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Estate Planning and Trusts
In life, there are obviously some things that we would prefer not to ponder and for most people, the subject we spend the least time considering is our own passing. However, while it is an uncomfortable topic, failing to plan for this inevitable event can result in undesirable consequences for those we love the most.
Regardless of whether you’re young or if you are nearing retirement age, consider for a moment what you envision to be the sum of your life’s work. People toil for many years throughout long careers in order to achieve success and some semblance of financial security. Yet as the old adage states, you cannot take it with you…so, upon your passing, what happens to the assets you’ve worked so hard to attain?
If you’re a resident of San Francisco, Bay Area you will of course be bound to California law and, if you die without a will, your estate is considered “intestate” and your assets are distributed by the probate laws as dictated by the state. In other words, California law will dictate who inherits your estate, and these statutes may not necessarily be in agreement with your personal wishes. Navigating estate law is quite complicated and can cover a variety of scenarios that you may not have previously considered: who can be considered next of kin, stepparents or parents with multiple children with two or more partners, the death of both parents at the same time, etc.
It is therefore important that you have a sufficient estate plan to avoid passing intestate, and reliable legal assistance to help navigate these complicated laws and regulations. Residents of San Francisco, Bay Area who are seeking the services of an estate planning or trust attorney should look no further than AJ Law. Our firm has the experience you need to ensure that your wishes are fulfilled in the unfortunate event of your passing. Let us help provide you and your family with an understanding of how the law dictates asset distribution and offer you peace of mind in knowing that your estate will be managed and distributed according to your wishes. In the meantime, continue reading if you’d like to know more about some of the various characteristics of estate planning.
California has some of the country’s most stringent intestacy laws, and there are thick law volumes dedicated to these minute details that would quickly bore you, so we will just provide a brief overview rather than delve into the finer details. Fundamentally, know that if you were to die without a will, the person that can inherit your estate through state intestacy laws is called the heir at law. Of course, most of us have families that consist of more than one person, so there can be more than one heir at law, however the state determines who receives the estate by how closely related the heir is to the deceased.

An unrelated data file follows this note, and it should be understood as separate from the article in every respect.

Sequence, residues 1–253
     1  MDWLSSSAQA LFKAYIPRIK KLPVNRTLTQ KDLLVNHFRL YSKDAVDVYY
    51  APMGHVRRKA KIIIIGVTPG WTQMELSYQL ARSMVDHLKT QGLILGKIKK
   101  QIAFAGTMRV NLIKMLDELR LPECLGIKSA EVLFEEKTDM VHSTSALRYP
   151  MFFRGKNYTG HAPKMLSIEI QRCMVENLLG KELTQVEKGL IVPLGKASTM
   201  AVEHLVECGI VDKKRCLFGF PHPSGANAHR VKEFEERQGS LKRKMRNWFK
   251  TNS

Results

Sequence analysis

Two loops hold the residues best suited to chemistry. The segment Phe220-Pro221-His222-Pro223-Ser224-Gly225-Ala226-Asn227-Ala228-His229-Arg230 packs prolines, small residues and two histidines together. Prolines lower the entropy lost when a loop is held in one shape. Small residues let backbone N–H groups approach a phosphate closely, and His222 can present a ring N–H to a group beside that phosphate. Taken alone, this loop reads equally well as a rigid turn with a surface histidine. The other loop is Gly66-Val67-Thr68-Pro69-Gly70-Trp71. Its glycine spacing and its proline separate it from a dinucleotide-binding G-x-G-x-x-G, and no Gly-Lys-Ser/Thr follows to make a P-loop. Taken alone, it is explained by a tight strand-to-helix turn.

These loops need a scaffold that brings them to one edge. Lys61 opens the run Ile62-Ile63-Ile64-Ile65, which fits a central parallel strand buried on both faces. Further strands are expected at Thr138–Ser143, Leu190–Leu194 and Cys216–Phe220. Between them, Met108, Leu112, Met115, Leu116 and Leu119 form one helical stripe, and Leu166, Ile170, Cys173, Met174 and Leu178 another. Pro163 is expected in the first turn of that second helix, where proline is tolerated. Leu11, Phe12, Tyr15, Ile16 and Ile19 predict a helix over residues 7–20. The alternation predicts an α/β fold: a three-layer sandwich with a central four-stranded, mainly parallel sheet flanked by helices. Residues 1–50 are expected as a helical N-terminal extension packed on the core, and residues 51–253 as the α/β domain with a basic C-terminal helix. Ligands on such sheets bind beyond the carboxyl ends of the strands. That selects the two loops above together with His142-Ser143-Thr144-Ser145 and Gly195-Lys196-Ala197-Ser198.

Having multiple heirs can complicate intestate asset distribution. Most would prefer their estate go to their spouse or their children, however there are a variety of scenarios that can occur where asset distribution is not so intuitive. For example, if you’re legally separated, the surviving spouse may still be entitled to your assets, regardless of whether or not you’re living together. Similarly, if you’re unmarried, the distribution of your estate follows a sequence that begins with children, then parents, siblings, etc. These scenarios can of course lead to feelings of resentment within the surviving family during what is already a very difficult time. What’s more, California will levy fees against your estate in order to be compensated for the legal costs associated with the probate procedures required for asset distribution. It is therefore important to ensure that you retain an estate planning and trust lawyer.
By now, you’re probably wondering how you can avoid the complications associated with dying in intestacy…the answer: a strong estate plan that includes a will and trust. As you can imagine, this isn’t a task that’s easily undertaken, even for the most accomplished DIYer. The good news is, an estate planning attorney will be able to assist you in creating a solid plan, and if you reside in San Francisco, Bay Area, CA, AJ Law is here to help you.
For now, let us consider the a few of the main subjects that make up estate planning. Namely probate, estate taxes, wills, and trusts.
As discussed earlier, probate is essentially the legal procedure utilized to distribute the assets from an estate to the surviving family members or debtors. The legal costs associated with probate are charged against the estate and the legal proceedings are a matter of public record. Probate generally cannot be avoided entirely, but the value of assets passing through the lengthy and costly probate process can be minimized. For additional details, an estate planning lawyer can assist, but in the meantime, be aware that assets that usually MUST pass through probate are as follows: real estate, personal property, valuables and cash. Also note that there are assets that can subject to probate if a beneficiary isn’t named with transfer on death (TOD) instructions. One way to stipulate TOD instructions is through a valid will.
Estate taxes, or “death tax” is the final government taxation of your assets. When someone passes, the estate can incur taxes from both the Federal Government and the state. Residents of San Francisco, Bay Area would therefore be subject to California’s tax law upon their passing. That said, and while many of us understand that California enforces one of the highest tax rates in the country, this state surprisingly does not have an inheritance tax. However, it’s important to note that other assets such as investments or real estate can be taxed by the state before being inherited by your family. What’s more, Federal estate tax can range from 18% to a whopping 40%. It is therefore of paramount importance to utilize a trust in order to mitigate the tax effects on an estate. We’ll discuss more on trusts in a moment.
Last Will and Testament
A will generally includes at least four basic yet important considerations:
- Stipulates who will act as the legal guardians for any surviving minor children.